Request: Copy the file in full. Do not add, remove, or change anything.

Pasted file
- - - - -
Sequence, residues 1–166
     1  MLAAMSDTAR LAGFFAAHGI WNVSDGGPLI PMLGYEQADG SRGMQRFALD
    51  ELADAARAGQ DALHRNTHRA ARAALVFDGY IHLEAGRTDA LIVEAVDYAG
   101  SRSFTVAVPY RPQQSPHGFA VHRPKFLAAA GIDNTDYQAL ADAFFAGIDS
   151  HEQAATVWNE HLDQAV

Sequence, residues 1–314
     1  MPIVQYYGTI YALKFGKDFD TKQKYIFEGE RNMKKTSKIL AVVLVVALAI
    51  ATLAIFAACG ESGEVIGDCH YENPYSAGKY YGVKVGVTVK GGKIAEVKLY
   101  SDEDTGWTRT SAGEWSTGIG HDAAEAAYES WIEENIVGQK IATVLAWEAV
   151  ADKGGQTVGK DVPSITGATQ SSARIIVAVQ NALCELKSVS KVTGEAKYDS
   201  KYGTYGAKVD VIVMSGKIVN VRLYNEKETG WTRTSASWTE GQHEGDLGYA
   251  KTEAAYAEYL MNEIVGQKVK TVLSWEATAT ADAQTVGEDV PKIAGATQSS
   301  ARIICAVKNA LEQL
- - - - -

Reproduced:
Sequence, residues 1–166
     1  MLAAMSDTAR LAGFFAAHGI WNVSDGGPLI PMLGYEQADG SRGMQRFALD
    51  ELADAARAGQ DALHRNTHRA ARAALVFDGY IHLEAGRTDA LIVEAVDYAG
   101  SRSFTVAVPY RPQQSPHGFA VHRPKFLAAA GIDNTDYQAL ADAFFAGIDS
   151  HEQAATVWNE HLDQAV

Sequence, residues 1–314
     1  MPIVQYYGTI YALKFGKDFD TKQKYIFEGE RNMKKTSKIL AVVLVVALAI
    51  ATLAIFAACG ESGEVIGDCH YENPYSAGKY YGVKVGVTVK GGKIAEVKLY
   101  SDEDTGWTRT SAGEWSTGIG HDAAEAAYES WIEENIVGQK IATVLAWEAV
   151  ADKGGQTVGK DVPSITGATQ SSARIIVAVQ NALCELKSVS KVTGEAKYDS
   201  KYGTYGAKVD VIVMSGKIVN VRLYNEKETG WTRTSASWTE GQHEGDLGYA
   251  KTEAAYAEYL MNEIVGQKVK TVLSWEATAT ADAQTVGEDV PKIAGATQSS
   301  ARIICAVKNA LEQL